About CLM

Our Vision

To make our communities more just and inclusive by facilitating access to legal services for all

Our Mission

To provide people in our communities with expert legal, mediation, and education services they would not otherwise have access to and in doing so, to address underlying issues of injustice and exclusion while working for real change.

What we do

Community Law & Mediation (CLM), previously known as Coolock Community Law Centre, was established on 1 April 1975, as the first, independent, community-based law centre in Ireland. In 2012, we opened a second community law centre in Limerick.

CLM works to empower individuals experiencing disadvantage through:

  • Free legal information, advice and representation;
  • Free mediation and conflict coaching;
  • Information and education; and
  • Advocating for Change

Our Annual Reports and Audited Accounts can be viewed here.

Strategic Plan 2019-2023

Our Strategic Plan 2019-2023 sets three objectives which will enable the organisation to fulfil its mission:

  1. To meet the unmet legal needs of, and to empower, the community through the provision of legal, mediation and education services.
  2. To address legal issues arising in our services through political and legal processes.
  3. To ensure that CLM has the people, systems, structures and resources to deliver on our strategic objectives.

You can read our Strategic Plan in full here.

A brief history of CLM

Our History

The purpose of Coolock Community Law Centre, when it was first established in 1975, was to serve as a prototype of the American Neighbourhood Law Centre model that could underpin a Civil Legal Aid Scheme and be rolled out across the country. It operated on a model which combined both a service-based and strategic approach by providing legal information, advice and representation, while also campaigning for law reform.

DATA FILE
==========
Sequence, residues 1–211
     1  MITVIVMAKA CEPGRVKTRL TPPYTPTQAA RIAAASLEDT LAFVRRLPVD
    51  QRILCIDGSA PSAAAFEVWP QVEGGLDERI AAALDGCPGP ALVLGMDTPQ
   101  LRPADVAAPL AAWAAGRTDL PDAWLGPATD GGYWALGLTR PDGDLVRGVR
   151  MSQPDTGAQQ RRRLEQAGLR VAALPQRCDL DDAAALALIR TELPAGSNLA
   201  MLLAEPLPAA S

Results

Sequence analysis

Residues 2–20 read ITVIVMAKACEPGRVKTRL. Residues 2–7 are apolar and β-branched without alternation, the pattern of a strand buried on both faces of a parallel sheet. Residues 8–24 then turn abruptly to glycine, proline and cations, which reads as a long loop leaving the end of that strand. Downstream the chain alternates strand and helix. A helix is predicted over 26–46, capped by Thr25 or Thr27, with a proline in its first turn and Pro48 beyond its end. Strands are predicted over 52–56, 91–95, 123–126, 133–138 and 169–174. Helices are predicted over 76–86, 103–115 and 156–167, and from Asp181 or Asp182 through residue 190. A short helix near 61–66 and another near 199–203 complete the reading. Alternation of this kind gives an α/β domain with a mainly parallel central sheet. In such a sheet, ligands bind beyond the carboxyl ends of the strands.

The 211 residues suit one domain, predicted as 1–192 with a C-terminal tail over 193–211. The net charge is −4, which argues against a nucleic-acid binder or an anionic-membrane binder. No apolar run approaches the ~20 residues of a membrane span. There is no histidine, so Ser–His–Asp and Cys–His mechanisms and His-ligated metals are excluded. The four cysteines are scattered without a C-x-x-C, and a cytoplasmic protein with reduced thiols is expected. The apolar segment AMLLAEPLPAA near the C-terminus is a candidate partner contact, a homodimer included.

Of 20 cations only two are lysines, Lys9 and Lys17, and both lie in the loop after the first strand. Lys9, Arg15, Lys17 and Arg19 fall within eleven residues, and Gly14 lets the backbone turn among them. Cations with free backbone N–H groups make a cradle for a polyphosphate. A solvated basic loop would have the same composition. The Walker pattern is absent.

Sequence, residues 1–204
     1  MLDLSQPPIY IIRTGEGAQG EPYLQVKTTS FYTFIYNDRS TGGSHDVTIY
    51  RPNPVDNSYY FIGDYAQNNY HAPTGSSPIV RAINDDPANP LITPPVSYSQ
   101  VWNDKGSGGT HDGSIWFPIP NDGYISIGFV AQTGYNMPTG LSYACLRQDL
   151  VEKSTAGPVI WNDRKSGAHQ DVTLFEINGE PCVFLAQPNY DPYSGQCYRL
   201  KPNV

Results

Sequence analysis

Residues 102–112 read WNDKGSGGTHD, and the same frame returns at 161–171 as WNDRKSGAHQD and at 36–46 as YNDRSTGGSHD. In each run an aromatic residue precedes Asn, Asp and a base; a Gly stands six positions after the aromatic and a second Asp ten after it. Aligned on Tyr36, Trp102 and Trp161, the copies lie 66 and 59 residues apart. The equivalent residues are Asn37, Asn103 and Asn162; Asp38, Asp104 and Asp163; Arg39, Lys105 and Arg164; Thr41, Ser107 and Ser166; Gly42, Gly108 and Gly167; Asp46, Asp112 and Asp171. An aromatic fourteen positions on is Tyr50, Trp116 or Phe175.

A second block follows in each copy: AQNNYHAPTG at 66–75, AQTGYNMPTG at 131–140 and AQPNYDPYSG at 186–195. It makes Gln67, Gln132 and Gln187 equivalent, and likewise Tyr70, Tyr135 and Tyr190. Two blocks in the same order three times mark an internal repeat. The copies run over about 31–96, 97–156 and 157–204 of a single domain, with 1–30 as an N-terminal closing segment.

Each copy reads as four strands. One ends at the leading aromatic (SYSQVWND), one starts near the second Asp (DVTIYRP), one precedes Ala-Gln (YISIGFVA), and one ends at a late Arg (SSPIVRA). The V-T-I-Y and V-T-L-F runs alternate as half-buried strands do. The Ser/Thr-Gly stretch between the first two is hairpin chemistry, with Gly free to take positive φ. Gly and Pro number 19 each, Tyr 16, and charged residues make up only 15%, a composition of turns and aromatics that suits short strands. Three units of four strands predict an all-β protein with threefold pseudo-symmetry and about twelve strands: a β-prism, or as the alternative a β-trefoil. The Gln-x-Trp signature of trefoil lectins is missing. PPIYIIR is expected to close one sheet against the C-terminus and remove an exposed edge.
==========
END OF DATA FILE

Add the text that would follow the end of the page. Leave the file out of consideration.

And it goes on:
Over the years, the organisation expanded and in 2003, the name of the organisation changed to Northside Community Law Centre to reflect the increase in catchment area from the Coolock neighbourhood to the two electoral constituencies of Dublin North Central and Dublin North East. This expansion continued with the establishment of the Mediation Service, Mediation Northside, in 2004 and following a community consultation process, the first Community Law Centre outside Dublin, Limerick Community Law and Mediation Centre, in 2012.

With this expansion of services, the community CLM serves grew beyond the original catchment area of Coolock and now includes anyone who, because of economic, social or other disadvantage, is unable to access legal advice, representation or mediation services.

In 2014, the organisation’s name changed to Community Law & Mediation to reflect where we have come to in our 45 year journey, both in terms of the type of services we provide and also the wider group of people and organisations we provide them to.

Dave Ellis community activist
Solicitor and community activist Dave Ellis

Dave Ellis

Solicitor and community activist Dave Ellis played a fundamental role in the work of Community Law & Mediation between 1977 and 1998, and in the development of the community law movement in Ireland.

Having qualified as a solicitor in 1974, Dave worked for a community law centre in Harlesden, London, before returning to Dublin in 1977 to join Community Law & Mediation (then Coolock Community Law Centre) as the community law officer. Over the course of 20 years, he and his colleagues brought the law centre through many funding crises and campaigned on behalf of the community on issues such as family law – working with the victims of domestic violence – divorce, the position of lone parents, debt, employment, homelessness, housing, and access to social welfare.

During this period, the law centre represented the families of the Stardust victims; and took important test cases, such as McConnell vs the Eastern Health Board (1981) and The State (Hoolahan) vs Minister for Social Welfare (1986), which set precedents for future cases. Dave also wrote reports on the operation of the social welfare appeals system and on civil legal aid. A committed community activist, Dave established strong links with the community in Coolock and was dedicated to achieving access to justice for all, including making the law and the legal system accessible through community education, Know Your Rights talks and information.

Dave’s commitment to social justice continues to inspire the work we do at Community Law & Mediation. We now help more than 3,000 annually through our range of services, which include free legal advice and representation; information and education; and mediation and conflict coaching. We continue to campaign for law reform, and for the safeguarding of rights already enshrined in law, in areas such as education, housing, disability rights, social protection, employment and equality.

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